Broad-Spectrum Pesticide Use Declines by 66%

WATSONVILLE, Calif. During the past decade, California's conventional fruit and vegetable growers cut their usage of broad-based, highly regulated chemical pesticides by 66%, and have been transitioning to more targeted pest and disease controlled options, including some methods approved for the production of organic foods, according to a recent report published by the Alliance for Food and Farming.

WATSONVILLE, Calif. — During the past decade, California's conventional fruit and vegetable growers cut their usage of broad-based, highly regulated chemical pesticides by 66%, and have been transitioning to more targeted pest and disease controlled options, including some methods approved for the production of organic foods, according to a recent report published by the Alliance for Food and Farming.

Specifically, “Pesticide Use Trends in California Agriculture” cites data from California's Department of Pesticide Regulation, which indicates that usage of Category I, Category II and Category III organophosphate and carbamate classes of insecticides declined from 9.6 million pounds in 1998 to 3.3 million pounds in 2009. Meanwhile, sulfur and mineral oil — both approved for use on organically-grown crops — became the number one and number three most-used pesticides in the state in 2009, with 42.3 million pounds and 11.6 million pounds applied to the state's crops, respectively.

As a result, “the older, more highly regulated pesticides analyzed in this report represent just 2% of all pesticides [currently] applied in the state,” the report notes.

Organophosphate and carbamate pesticides are broadly toxic to all insects, killing both insects that are harmful to crops, such as aphids, and beneficial insects such lady bugs, which are natural predators of aphids.

These pesticides were widely used from the 1960s through the 1990s, the report notes. Since then, there has been a trend toward the development of more targeted pesticides, which tend to have lower human toxicity, and toward Integrated Pest Management, which combines limited pesticide use with techniques including the introduction of predatory insects and the use of mechanical controls such as traps, physical barriers and tillage.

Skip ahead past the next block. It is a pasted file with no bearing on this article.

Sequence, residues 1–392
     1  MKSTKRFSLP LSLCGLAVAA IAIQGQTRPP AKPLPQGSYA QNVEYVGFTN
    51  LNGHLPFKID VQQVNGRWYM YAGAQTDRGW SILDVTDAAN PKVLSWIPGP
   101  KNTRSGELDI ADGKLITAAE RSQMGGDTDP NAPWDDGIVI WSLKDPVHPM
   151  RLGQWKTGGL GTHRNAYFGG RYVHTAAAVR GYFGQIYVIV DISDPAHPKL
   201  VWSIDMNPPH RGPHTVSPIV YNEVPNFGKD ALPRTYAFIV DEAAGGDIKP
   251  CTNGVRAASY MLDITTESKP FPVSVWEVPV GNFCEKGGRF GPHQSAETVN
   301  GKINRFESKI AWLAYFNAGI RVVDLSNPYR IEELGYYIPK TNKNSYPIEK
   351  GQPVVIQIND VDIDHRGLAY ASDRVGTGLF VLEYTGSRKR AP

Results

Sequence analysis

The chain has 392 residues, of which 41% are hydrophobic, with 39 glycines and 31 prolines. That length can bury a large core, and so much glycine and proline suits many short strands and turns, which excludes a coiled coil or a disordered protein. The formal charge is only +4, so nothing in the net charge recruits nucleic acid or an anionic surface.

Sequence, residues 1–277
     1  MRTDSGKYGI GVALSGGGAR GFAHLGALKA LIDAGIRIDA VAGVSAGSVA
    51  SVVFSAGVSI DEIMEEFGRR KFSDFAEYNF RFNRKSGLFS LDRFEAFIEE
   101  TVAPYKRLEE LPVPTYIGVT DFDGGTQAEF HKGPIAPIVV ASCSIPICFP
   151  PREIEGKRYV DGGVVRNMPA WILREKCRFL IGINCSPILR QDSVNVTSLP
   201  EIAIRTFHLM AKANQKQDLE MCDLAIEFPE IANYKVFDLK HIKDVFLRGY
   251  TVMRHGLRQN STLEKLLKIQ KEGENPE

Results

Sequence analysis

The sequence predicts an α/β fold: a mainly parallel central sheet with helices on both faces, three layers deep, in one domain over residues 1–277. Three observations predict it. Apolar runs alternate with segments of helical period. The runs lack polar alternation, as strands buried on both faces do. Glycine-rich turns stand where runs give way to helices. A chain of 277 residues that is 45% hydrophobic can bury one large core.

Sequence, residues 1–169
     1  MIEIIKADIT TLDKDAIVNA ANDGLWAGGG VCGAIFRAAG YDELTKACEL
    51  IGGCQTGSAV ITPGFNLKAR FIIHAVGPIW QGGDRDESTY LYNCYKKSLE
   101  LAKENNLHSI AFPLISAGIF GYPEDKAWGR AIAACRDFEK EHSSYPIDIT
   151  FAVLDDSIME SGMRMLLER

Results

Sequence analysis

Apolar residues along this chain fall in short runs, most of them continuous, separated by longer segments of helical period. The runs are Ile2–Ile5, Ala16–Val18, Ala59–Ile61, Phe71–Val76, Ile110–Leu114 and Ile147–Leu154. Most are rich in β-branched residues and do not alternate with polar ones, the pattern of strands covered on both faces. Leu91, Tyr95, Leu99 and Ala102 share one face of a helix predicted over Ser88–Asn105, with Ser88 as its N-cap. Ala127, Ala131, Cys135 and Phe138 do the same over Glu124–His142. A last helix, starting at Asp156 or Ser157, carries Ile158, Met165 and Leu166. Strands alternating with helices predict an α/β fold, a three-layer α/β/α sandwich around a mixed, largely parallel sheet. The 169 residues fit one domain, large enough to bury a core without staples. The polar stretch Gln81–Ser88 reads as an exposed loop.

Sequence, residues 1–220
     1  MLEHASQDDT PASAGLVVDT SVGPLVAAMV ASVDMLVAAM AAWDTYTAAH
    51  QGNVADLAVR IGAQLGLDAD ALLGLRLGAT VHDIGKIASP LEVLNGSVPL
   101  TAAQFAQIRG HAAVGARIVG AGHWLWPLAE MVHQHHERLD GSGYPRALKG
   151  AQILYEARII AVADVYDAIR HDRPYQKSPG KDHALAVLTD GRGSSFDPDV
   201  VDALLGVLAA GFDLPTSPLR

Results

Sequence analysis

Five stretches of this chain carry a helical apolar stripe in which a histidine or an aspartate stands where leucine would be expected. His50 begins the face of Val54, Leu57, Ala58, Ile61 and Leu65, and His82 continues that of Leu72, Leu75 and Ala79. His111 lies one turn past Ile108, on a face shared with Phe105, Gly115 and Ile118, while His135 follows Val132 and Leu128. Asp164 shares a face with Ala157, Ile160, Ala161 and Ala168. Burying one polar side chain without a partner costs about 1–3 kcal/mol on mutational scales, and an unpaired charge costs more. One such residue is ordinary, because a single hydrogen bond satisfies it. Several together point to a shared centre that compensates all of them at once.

However, availability of these older compounds is still necessary to control severe outbreaks, to address infestations of insecticide-resistant pests and sometimes, to address infestations of non-native, exotic pests that have made their way into the state, the report argues.

Consumer concerns regarding pesticide use have been on the rise, driven largely by the efforts of consumer advocacy organizations such as the Environmental Working Group. EWG's annual “Shopper's Guide to Pesticides in Produce” and the guide's “Dirty Dozen” list, in particular, have received a great deal of attention in the consumer media, and could have a negative impact on consumer consumption of all fresh fruits and vegetables.

Industry groups including the Alliance for Food and Farming have recently ramped up efforts to combat these concerns and correct what they view as misconceptions regarding conventional fruit and vegetable production.